State of Arizona, Appellee, v. Ian Harvey Cheatham, Appellant.

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Supreme Court of Arizona.

State of Arizona, Appellee, v. Ian Harvey Cheatham, Appellant.

No. CR–15–0286–PR

Decided: July 11, 2016

CHIEF JUSTICE BALES authored the opinion of the Court, in which VICE CHIEF JUSTICE PELANDER and JUSTICES BRUTINEL, TIMMER and BOLICK joined. Mark Brnovich, Arizona Attorney General, John R. Lopez IV, Solicitor General, Joseph T. Maziarz, Chief Counsel, Criminal Appeals Section, Myles A. Braccio (argued), Assistant Attorney General, Phoenix, Attorneys for State of Arizona. Maricopa County Public Defender, Carlos Daniel Carrion (argued), Deputy Public Defender, Phoenix, Attorneys for Ian Harvey Cheatham.

¶ 1 We here consider whether, after passage of the Arizona Medical Marijuana Act (“AMMA”), A.R.S. §§ 36–2801 through 2819, the odor of marijuana emanating from a vehicle establishes probable cause to believe the vehicle contains contraband or evidence of a crime. Consistent with our concurrently issued opinion in State v. Sisco, CR–15–0265–PR, slip op. at _ ¶ 26 (Ariz. July _, 2016), we hold that the odor of marijuana sufficed to establish probable cause, and the ensuing search was therefore authorized by the automobile exception to the warrant requirement.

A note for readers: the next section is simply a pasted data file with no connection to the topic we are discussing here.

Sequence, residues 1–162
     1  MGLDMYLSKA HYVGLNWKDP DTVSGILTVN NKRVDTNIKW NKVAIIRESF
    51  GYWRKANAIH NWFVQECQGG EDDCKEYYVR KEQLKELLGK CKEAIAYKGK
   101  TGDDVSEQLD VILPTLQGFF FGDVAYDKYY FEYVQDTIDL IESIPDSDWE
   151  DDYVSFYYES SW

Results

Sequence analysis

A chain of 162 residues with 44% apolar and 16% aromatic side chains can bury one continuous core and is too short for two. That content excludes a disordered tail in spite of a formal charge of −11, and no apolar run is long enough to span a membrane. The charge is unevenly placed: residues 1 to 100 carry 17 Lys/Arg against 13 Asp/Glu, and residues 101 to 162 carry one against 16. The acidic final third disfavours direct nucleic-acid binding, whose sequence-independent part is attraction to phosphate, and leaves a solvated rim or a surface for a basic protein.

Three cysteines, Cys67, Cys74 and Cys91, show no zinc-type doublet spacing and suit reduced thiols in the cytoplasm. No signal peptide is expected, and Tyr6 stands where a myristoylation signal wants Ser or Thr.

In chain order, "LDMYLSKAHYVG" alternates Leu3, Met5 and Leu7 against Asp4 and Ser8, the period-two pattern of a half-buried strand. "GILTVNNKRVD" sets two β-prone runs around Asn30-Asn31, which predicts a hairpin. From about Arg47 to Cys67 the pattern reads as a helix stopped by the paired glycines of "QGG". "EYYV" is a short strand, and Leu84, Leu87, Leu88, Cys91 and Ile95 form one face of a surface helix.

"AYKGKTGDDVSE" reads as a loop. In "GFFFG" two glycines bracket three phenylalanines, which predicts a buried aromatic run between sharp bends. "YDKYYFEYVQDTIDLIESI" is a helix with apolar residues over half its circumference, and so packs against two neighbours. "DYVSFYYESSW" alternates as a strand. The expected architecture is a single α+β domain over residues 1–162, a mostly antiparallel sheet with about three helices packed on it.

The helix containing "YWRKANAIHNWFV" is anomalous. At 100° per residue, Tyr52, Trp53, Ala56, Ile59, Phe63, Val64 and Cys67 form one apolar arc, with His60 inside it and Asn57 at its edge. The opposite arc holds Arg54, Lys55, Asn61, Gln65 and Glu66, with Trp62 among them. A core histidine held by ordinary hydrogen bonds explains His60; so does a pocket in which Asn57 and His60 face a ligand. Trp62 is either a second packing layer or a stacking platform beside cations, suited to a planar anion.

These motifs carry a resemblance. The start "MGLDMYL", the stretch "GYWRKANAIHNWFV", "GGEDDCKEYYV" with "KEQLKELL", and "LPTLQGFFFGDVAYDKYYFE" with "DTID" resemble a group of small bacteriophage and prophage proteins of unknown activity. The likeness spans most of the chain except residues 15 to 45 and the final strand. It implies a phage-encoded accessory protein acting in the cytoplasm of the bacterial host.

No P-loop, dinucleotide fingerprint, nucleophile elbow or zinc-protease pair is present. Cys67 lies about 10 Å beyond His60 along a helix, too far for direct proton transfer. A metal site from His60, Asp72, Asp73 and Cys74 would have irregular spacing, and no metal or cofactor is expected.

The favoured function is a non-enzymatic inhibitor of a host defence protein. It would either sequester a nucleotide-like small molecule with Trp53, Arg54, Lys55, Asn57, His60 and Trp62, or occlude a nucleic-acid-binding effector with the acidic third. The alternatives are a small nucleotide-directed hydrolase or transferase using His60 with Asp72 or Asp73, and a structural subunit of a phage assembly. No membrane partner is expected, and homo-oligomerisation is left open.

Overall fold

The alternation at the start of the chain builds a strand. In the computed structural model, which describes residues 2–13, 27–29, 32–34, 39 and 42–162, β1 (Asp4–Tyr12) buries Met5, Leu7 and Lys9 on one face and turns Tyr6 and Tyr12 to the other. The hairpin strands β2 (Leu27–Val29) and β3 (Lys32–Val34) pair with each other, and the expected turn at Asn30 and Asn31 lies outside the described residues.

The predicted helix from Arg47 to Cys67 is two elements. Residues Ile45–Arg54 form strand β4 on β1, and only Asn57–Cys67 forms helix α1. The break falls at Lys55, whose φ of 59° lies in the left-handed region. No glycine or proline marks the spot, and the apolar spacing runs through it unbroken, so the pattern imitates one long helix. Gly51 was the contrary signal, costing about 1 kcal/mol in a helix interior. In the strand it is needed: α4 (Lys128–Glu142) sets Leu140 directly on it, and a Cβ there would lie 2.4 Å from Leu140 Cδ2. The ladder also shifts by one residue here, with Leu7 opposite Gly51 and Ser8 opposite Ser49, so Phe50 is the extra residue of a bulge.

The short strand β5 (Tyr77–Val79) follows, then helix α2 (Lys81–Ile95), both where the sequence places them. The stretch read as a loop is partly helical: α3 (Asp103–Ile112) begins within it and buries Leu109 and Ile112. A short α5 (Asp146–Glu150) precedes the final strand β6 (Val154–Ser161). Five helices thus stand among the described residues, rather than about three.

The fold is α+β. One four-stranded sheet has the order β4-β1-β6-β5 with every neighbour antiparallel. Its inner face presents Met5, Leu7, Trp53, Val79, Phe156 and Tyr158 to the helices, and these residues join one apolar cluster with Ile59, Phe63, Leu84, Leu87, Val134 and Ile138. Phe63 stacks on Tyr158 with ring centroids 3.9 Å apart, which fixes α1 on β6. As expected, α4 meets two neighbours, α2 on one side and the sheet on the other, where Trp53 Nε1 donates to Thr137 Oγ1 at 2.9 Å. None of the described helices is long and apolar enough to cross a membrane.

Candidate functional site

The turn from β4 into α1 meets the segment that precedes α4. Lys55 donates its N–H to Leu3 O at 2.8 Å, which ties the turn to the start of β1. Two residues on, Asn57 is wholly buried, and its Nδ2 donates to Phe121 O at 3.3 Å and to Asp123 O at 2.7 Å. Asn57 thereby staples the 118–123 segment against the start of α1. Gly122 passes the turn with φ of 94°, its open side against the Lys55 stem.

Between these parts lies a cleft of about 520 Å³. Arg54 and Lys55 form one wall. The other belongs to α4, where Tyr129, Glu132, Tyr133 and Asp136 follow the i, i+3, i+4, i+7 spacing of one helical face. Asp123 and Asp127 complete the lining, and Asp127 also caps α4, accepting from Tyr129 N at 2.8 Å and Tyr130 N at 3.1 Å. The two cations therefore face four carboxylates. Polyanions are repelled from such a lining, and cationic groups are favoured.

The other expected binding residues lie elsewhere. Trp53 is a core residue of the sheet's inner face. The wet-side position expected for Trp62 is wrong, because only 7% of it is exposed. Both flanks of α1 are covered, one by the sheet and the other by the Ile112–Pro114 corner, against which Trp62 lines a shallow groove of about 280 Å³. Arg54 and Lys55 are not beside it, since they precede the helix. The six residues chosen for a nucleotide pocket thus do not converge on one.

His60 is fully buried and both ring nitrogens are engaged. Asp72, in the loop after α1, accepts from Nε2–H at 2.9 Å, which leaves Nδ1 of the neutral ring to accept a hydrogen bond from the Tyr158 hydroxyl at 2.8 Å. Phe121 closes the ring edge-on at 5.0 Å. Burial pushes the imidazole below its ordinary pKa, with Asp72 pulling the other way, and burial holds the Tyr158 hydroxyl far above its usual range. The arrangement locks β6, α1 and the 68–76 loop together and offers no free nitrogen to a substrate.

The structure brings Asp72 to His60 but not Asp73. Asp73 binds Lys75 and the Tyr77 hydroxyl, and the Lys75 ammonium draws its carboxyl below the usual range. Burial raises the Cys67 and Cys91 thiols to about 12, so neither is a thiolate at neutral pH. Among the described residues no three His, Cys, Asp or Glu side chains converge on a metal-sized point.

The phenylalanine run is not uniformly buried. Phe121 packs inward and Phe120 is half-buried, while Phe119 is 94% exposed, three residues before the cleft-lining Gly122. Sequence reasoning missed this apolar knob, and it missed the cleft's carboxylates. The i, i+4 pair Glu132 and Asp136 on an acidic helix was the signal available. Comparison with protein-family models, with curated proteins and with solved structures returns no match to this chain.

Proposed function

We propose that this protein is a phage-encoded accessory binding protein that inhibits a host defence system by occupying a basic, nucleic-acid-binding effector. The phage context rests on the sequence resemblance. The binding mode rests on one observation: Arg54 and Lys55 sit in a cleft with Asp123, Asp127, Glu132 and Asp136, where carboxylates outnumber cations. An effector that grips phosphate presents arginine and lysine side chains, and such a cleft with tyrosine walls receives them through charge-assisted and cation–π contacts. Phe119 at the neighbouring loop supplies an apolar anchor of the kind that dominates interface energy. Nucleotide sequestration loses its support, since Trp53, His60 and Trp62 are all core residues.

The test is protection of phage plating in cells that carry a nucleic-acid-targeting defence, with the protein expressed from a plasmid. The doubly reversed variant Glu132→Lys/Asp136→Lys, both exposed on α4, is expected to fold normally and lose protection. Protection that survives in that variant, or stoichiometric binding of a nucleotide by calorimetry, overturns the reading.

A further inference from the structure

I.

¶ 2 In May 2013, two police officers stopped Ian Cheatham's car on the suspicion that its window tinting violated Arizona law. After approaching the driver's window and speaking with Cheatham, one officer noticed a “pretty strong” odor of burnt marijuana from inside the vehicle. Based on the odor, the officer asked Cheatham to exit the vehicle and then searched the car. During the search, the officer found a small amount—described as the “size of a marble”—of unburnt marijuana under the driver's seat. The officer seized the marijuana and arrested Cheatham.

¶ 3 Before his trial for possession or use of marijuana, Cheatham filed a motion to suppress. He argued that, after AMMA, the odor of marijuana alone no longer provides probable cause, and therefore the search of his vehicle was not authorized by the automobile exception to the warrant requirement. The trial court denied the motion. After a bench trial, the court found Cheatham guilty and placed him on supervised probation for one year.